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You ought to be out raising hell. This is the fighting age. Put on your fighting clothes.
                                                      -Mother Jones

Saturday June 27, 1903
From The Appeal to Reason: "Populism and Socialism"

Ernest Untermann, 1902
In the current issue of the Appeal, Ernest Untermann examines the political differences and shared goals of the People's Party and the Socialist Party of America. We offer a few excerpts from that article:
From the standpoint of the Socialist, the People's party platform aims at symptoms without removing the cause. Changes in the money system will not bring the money into the pockets of the worker, as long as production is for profit under the control of the capitalist class. Prohibition of alien ownership of land will not lessen the exploitation of the farmers by the trusts; a graduated income tax, if it could be enacted and enforced, would not help any working man, because the capitalists can shift the burden of taxation to the shoulders of the working class by increasing the prices of all the products.

The universal eight hour day and a minimum wage can be met by the capitalist in the same way. Universal suffrage and the election of the president, vice president and United States senators, by the direct vote of the people, will be useless, as long as the working men elect capitalist politicians, and leave the political and economic power in the control of the capitalist class. Government ownership of the railroads, telegraphs and telephones, under the control of capitalist parties, is an increase of power for the capitalists. The only really revolutionary statement in the People's party platform is that wealth shall belong to him who produces it; but the framers of that platform forgot to explain how the producer could obtain this wealth and be secured in its possession...

But the populists correctly stated that interests of the rural and urban workers are identical. If they had added that these interests are also distinct from, and opposed to, the interests of all rural and urban capitalists, they would not have consented to a fusion with the very class which they are  organized to defeat.

Comrade Untermann goes on to propose that the Populist should become Socialist and vote the Socialist Party ticket.

"Yours for the Revolution"
The Appeal to Reason, 1895-1922

-ed by John Graham
U of NE Press, 1990

See also:
Ernest Untermann

Friday June 27, 1913
Paterson, New Jersey - "Starvation Stalks Through Paterson"

Thus states the circulars which have been distributed throughout the neighboring cities. The circulars urge workers in these cities to "aid us in our need. We will hold the picket line; we will fill the jails if need be. But you most help us fight starvation. Help us and we will win." Hunger, the great strikebreaker is haunting the Paterson Silk Strikers.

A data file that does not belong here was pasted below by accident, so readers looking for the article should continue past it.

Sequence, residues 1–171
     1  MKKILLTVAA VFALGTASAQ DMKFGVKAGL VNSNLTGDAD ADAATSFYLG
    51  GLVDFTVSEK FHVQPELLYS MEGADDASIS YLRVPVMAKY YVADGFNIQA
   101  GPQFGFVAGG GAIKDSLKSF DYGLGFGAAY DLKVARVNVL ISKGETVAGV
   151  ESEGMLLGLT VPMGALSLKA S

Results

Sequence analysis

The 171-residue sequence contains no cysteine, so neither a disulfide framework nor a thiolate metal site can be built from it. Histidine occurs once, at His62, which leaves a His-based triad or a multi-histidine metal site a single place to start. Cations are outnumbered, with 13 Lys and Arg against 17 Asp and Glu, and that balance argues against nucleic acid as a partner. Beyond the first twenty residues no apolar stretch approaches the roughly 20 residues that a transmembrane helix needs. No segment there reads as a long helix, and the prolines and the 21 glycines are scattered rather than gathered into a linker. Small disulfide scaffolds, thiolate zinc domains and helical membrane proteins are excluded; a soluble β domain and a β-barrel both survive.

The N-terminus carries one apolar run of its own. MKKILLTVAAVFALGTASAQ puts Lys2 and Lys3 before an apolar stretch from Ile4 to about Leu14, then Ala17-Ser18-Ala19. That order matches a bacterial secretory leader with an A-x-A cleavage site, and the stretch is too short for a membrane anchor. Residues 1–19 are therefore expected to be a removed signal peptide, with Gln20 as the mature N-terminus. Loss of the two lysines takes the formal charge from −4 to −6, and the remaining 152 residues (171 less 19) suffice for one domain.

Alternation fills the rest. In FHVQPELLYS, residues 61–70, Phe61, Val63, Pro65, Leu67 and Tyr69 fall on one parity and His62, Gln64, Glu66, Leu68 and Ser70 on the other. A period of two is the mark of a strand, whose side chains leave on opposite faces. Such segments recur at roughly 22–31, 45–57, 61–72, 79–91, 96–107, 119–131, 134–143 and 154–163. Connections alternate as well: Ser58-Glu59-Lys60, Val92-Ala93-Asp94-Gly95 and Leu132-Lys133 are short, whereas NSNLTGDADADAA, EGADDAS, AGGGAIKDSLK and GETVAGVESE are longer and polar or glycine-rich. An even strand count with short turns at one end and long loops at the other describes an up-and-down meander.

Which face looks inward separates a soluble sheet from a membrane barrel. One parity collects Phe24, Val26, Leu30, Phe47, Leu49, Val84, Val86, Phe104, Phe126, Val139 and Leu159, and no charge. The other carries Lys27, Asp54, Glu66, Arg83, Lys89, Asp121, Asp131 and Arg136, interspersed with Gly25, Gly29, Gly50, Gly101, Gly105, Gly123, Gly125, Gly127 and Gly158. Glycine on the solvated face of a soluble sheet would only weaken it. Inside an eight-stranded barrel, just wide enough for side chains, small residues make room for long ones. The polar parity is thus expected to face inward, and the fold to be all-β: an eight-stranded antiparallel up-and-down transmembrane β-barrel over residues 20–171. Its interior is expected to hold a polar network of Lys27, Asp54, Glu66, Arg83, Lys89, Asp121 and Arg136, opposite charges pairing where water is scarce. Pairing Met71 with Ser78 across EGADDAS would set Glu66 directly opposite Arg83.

Authorities have also stepped up their arrests of strikers on the picket lines. Prominent New York liberals have sent a petition to President Wilson. They are asking for a Congressional investigation of the flagrant violations of the striker's civil liberties. They cite the hundreds of strikers who have been arrested and "fined and imprisoned for no other offences than walking the streets in a peaceful manner." That petition has come to naught.

History of the Labor Movement in the United States Vol 4
The Industrial Workers of the World 1905-1917

-by Philip S Foner
International Pub, 1965

Thursday June 27, 2013
From Pakistan Daily Times: "Bangladeshi factory shuts down after cracks in walls."

DHAKA: Bangladesh authorities Wednesday shut down an eight-storey factory complex after cracks appeared in a wall, triggering panic among thousands of garment workers who feared the building would collapse, police and officials said...

At least two factories were housed in the Razzaq Plaza complex employing some 5,000 workers, local police chief Mostafa Kamal told AFP.

Read full article here:

Bangladesh Center for Worker Solidarity

International Labor Rights Forum/Sweatfree

Friends of the Bangladesh Center for Worker Solidarity on Facebook

Solidarity Forever
New verse from the centennial edition
 of the Little Red Songbook:

They divide us by our color; they divide us by our tongue,
They divide us men and women; they divide us old and young,
But they'll tremble at our voices, when they hear these verses sung,
For the Union makes us strong!

Solidarity Forever by Ralph Chaplin, 1915
New verse credited to Steve Suffet

Originally posted to Hellraisers Journal on Thu Jun 27, 2013 at 11:00 AM PDT.

Also republished by Invisible People, In Support of Labor and Unions, and Anti-Capitalist Chat.

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